In his book, cardiologist William Davis asserts that wheat consumption is solely responsible for Americans’ health ills and that cutting wheat from our diets is the cure-all solution to conditions like obesity, diabetes, celiac disease and rheumatoid arthritis.
As the old saying goes, if it sounds too good to be true, it probably is. Cutting out one specific food is not only unrealistic, it’s dangerous. Omitting wheat entirely removes the essential (and disease-fighting!) nutrients it provides including fiber, antioxidants, iron and B vitamins.
Besides this, the advice dished out by Dr. Davis is completely counter to the Dietary Guidelines for Americans, the gold standard of scientifically-sound nutrition advice. The Guidelines call for the average healthy American to consume six one-ounce servings of grain foods daily, half of which should come from whole grains and the other half from enriched grains. Wheat is the basis for a number of healthful whole and enriched grain foods including breads, cereal, pasta and wheat berries that provide valuable nutrients to the American diet and have been shown to help with weight maintenance.
So, let common sense prevail. When it comes to nutrition advice, look to the real experts and remember that weight control is all about one key equation: calories in must equal calories out.
Most of that is just too vapid, too stupid, too pandering, too cutesy to even comment on. Feel free to dissect it in comments if you like. I can hardly get through the thing without laughing and losing my train of thought. Here’s Dr. Davis’ response.
What’s particularly funny about the link, above, is that there are 113 comments so far, and many, many by people who see right through Ashley Reynolds’ bullshit. Here’s a great sampling of some of them.
And who remembers my Nutrition Density Challenge: Fruit vs. Beef Liver, where it took a full 5 pounds of fruit to roughly equal the nutrition in 4 ounces of liver? How about we do one real quick like, beef liver vs. bread? Yea, because then we’ll have earned the right to refer to Ashley Reynolds as the lying, whoring abject moron that she is and c’mon, face it: that’s what you’ve been wanting me to say all along, isn’t it?
So let’s see, I’ll use bread as a surrogate for that grain equivalent of one loaf per day. Poking around various breadweb sites, looks like about 1,400 calories. So let’s compare the nutrition in 1,400 calories of beef liver with that of 1,400 calories of bread, since, you know, ‘grains contain vital nutrients and you’ll be absolutely fucked if you don’t get your six servings per day.’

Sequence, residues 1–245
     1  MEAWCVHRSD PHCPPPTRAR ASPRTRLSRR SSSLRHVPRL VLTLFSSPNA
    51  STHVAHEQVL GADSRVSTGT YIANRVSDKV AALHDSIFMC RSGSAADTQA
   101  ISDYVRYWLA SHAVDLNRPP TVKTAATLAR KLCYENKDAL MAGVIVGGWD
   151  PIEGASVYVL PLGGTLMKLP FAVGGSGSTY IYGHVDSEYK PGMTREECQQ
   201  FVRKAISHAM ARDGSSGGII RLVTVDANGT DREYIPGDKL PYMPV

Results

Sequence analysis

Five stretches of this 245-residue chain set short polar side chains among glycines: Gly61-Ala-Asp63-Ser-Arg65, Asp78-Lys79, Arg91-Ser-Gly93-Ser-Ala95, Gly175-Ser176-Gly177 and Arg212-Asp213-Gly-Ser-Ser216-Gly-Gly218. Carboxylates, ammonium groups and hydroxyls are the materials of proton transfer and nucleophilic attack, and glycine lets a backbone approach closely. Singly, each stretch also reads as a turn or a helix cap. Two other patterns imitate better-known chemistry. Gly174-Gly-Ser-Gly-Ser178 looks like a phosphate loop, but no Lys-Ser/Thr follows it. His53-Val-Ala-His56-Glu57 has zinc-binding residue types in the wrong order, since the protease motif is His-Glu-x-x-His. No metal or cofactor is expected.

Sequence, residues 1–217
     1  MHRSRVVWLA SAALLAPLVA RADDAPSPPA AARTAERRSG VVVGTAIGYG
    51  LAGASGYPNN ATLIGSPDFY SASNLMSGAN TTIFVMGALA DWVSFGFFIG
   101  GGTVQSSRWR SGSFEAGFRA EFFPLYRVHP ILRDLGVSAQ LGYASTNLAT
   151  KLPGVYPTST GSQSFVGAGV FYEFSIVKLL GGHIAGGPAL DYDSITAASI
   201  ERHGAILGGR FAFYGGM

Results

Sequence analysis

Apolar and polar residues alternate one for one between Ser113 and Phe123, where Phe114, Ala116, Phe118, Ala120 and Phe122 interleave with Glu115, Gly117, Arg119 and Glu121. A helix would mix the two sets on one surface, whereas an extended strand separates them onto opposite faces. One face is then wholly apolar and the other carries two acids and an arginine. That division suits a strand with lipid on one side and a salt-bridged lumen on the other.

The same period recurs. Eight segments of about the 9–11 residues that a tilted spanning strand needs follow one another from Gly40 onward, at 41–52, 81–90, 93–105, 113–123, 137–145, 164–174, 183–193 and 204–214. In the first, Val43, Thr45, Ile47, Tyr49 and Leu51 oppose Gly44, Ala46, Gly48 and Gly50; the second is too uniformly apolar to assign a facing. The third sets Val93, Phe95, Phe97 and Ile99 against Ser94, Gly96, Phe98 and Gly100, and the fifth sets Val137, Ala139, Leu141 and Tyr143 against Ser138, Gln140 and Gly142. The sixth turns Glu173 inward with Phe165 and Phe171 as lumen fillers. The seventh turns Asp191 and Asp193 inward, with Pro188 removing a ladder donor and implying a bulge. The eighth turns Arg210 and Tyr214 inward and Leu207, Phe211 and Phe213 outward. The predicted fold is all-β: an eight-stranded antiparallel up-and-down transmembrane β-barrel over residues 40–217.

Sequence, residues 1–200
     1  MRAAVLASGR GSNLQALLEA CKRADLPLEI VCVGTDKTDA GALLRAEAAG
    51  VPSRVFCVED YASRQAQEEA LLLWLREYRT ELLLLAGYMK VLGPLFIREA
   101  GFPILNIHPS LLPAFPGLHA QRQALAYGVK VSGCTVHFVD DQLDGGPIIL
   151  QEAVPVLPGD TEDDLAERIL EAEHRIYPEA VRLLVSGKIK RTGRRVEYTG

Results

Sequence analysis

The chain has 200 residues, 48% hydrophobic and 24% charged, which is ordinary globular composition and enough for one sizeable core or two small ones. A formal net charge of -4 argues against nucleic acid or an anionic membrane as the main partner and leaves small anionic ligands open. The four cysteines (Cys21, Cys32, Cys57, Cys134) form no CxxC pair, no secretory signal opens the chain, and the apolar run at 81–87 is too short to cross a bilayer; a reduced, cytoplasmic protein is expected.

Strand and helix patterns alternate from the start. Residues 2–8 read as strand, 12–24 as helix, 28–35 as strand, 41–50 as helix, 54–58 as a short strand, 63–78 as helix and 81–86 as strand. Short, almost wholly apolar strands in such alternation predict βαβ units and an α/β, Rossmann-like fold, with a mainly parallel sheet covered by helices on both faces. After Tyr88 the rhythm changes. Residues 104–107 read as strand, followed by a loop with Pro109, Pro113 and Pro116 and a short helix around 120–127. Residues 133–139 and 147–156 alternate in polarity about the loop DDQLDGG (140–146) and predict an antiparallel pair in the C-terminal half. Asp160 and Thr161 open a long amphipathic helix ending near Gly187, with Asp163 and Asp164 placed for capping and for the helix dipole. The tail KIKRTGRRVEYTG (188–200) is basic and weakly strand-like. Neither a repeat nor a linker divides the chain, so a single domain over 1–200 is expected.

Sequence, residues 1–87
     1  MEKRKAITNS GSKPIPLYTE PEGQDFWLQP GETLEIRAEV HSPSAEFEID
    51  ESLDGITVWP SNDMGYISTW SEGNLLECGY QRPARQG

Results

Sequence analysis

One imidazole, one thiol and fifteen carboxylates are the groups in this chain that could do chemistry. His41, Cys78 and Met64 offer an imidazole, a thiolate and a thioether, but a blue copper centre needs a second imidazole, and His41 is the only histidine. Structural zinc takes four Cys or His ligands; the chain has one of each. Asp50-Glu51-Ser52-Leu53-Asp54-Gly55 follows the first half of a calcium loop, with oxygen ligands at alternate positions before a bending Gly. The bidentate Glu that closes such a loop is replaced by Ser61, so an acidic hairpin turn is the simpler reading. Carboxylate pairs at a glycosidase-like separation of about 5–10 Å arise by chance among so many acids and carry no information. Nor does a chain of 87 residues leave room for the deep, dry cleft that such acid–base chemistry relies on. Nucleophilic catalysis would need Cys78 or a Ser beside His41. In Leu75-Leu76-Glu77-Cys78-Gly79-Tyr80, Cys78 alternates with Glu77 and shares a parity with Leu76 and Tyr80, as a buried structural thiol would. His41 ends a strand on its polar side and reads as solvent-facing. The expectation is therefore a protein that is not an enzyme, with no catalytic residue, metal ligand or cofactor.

And OK, since not everyone likes beef liver, we’ll do it for 1,400 calories of salmon as well.
Now, before we get started, let’s get a bead on just how ignorant this “registered dietitian” is. Says she: “calories in must equal calories out.” That’s like saying “a day must equal 24 hours.” It says nothing about how you spend your day, nor various hours within it in activities, sleeping, etc. In terms of body composition, the calories in/out balance says nothing about how hormonal regulation accounts for fat accumulation, expenditure, hypertrophy, respiration, heart rate, body temperature and a whole host of other complex and integrated functions that in total are in balance.
OK, you can click on the images to enlarge to full size. The numbers at the top of each bar represent the % of RDA. The bars with the two horizontal hashes at top are those that are off the charts, but here, it is particularly important to look at the numbers, to get an idea of how far off the chart they are.
Now of course, nobody’s going to eat the roughly 30 ounces of liver or salmon needed to get to 1,400 calories, but you could eat a 4th of either of them and still break bread and leave it on its ass. And we also aren’t even touching on the aspect that most of the “nutrition” in the grains are in the minerals, and grains have high levels of phytic acid that bind to minerals, preventing their absorption.
Cut back on the liver and salmon, add in some leafy greens, maybe some starchy veggies, add some fruit in there, maybe some nuts and eggs and you will always, always blow grains out of the water, and you’ll do it every time. No exceptions. It’s not even close. Grains are poverty food, plain and simple. Are you that poor?
Alright, enough already. I’ll let Denise Minger put the final nail in the wheat coffin. Feel free to link up other wheat grinding posts elsewhere.